Be[In]Crypto takes a look at the Mayer Multiple (MM) and its components in order to determine if BTC is close to a bullish trend reversal.
What is Mayer Multiple?
The Mayer Multiple (MM) is an oscillator that is calculated using the ratio between the BTC price and its 200-day moving average (MA).
Afterward, the Mayer Multiple indicator (blue) is afterward created by taking the difference between the BTC price and its 200-day MA. The 0.8 (green) and 2.4 (purple) oscillators are then plotted in order to determine market tops and bottoms.
Movements above the 2.4 oscillators have historically coincided with tops. Conversely, movements below the 0.8 oscillators have coincided with bottoms.
As stated previously, sharp breakdowns below the 0.8 oscillators have historically determined bottoms. Usually, these occur after a period in which the indicator moves freely above and below the 0.8 line (black circle).
In the current cycle, the capitulation started on May 5 (red arrow). Afterward, the bottom was reached on June 18, 43 days after capitulation began. This was similar to the length it took for the bottom to be reached in 2015 and much longer than what it took in 2019. In the former, it took the price 50 days to reach a bottom after the MM capitulation. In 2019 only 17 days were required for a bottom to be reached.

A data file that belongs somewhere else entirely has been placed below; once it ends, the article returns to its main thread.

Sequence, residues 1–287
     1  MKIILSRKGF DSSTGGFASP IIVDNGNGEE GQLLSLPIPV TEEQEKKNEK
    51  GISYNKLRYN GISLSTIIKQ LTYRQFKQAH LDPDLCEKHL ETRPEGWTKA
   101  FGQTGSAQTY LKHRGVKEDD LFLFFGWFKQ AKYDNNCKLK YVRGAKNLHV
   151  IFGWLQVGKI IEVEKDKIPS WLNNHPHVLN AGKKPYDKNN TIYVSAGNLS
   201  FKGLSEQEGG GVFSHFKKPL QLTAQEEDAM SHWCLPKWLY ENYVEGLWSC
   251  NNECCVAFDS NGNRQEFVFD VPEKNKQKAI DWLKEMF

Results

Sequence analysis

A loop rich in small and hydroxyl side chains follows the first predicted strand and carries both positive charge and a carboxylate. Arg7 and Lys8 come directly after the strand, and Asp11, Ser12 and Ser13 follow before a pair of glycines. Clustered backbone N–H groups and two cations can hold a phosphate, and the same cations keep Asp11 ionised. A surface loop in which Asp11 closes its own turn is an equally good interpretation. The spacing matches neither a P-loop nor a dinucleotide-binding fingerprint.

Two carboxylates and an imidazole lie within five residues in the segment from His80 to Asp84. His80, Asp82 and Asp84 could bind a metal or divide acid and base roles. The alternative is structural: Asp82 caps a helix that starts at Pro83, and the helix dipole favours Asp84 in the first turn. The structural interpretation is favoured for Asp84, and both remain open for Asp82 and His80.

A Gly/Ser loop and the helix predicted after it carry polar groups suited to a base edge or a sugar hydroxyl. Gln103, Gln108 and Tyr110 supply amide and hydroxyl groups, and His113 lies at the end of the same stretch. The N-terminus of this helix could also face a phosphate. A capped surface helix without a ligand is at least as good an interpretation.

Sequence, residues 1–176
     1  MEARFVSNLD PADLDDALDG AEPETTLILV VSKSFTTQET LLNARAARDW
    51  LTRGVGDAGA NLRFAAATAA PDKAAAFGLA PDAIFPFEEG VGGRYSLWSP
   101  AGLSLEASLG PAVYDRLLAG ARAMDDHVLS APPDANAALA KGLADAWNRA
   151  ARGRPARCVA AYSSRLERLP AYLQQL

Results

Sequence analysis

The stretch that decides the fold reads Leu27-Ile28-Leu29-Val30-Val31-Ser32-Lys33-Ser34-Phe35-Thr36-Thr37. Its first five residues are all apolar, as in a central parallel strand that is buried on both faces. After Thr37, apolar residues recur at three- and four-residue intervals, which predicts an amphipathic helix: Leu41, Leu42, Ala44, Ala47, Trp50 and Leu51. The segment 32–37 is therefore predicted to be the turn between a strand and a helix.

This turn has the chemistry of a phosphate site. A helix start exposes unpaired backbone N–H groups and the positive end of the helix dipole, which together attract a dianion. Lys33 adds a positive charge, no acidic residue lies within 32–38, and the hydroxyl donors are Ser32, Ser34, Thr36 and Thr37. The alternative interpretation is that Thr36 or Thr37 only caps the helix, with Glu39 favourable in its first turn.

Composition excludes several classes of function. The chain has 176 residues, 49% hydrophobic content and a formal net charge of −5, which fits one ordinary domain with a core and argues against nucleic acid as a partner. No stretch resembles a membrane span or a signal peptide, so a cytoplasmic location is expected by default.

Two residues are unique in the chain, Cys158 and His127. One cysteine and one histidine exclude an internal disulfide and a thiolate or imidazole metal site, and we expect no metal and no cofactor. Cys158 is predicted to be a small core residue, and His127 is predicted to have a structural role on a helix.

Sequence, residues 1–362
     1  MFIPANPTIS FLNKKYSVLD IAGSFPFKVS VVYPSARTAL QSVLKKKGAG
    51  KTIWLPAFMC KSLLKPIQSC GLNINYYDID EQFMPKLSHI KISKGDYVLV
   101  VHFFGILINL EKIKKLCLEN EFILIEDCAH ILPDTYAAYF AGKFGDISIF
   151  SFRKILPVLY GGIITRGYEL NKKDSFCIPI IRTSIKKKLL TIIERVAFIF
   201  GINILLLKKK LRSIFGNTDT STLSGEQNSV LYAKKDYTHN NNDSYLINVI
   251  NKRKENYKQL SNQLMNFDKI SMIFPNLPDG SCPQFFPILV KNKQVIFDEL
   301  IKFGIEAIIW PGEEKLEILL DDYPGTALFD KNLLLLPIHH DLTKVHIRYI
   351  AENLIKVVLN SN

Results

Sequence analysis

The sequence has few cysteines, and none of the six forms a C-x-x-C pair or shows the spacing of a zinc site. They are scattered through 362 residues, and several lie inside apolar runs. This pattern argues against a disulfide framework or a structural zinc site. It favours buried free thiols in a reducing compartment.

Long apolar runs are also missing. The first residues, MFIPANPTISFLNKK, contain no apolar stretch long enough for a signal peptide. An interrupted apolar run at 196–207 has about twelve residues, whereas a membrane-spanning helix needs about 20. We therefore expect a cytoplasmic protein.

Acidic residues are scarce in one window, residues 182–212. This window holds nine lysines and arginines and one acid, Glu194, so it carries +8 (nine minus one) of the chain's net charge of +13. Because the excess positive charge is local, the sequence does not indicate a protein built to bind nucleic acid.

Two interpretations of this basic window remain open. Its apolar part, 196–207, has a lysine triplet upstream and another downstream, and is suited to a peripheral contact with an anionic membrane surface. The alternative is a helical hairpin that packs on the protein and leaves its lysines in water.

Historically, once MM falls below the 0.8 oscillator for good, the ensuing reclaim confirms that a bullish reversal has begun.
This can be clearly seen in March 2019, April 2020, and even July 2021 (black circles).
In the current movement, MM reached a high of 0.74 on Aug. 13 but was rejected (red circle) in the first attempt at moving above the line.
Due to how long the indicator has been below 0.8, a reclaim of this level is expected in the near future. If one occurs, it would confirm that the bullish reversal has begun.
For Be[in]Crypto’s latest Bitcoin (BTC) analysis, click here
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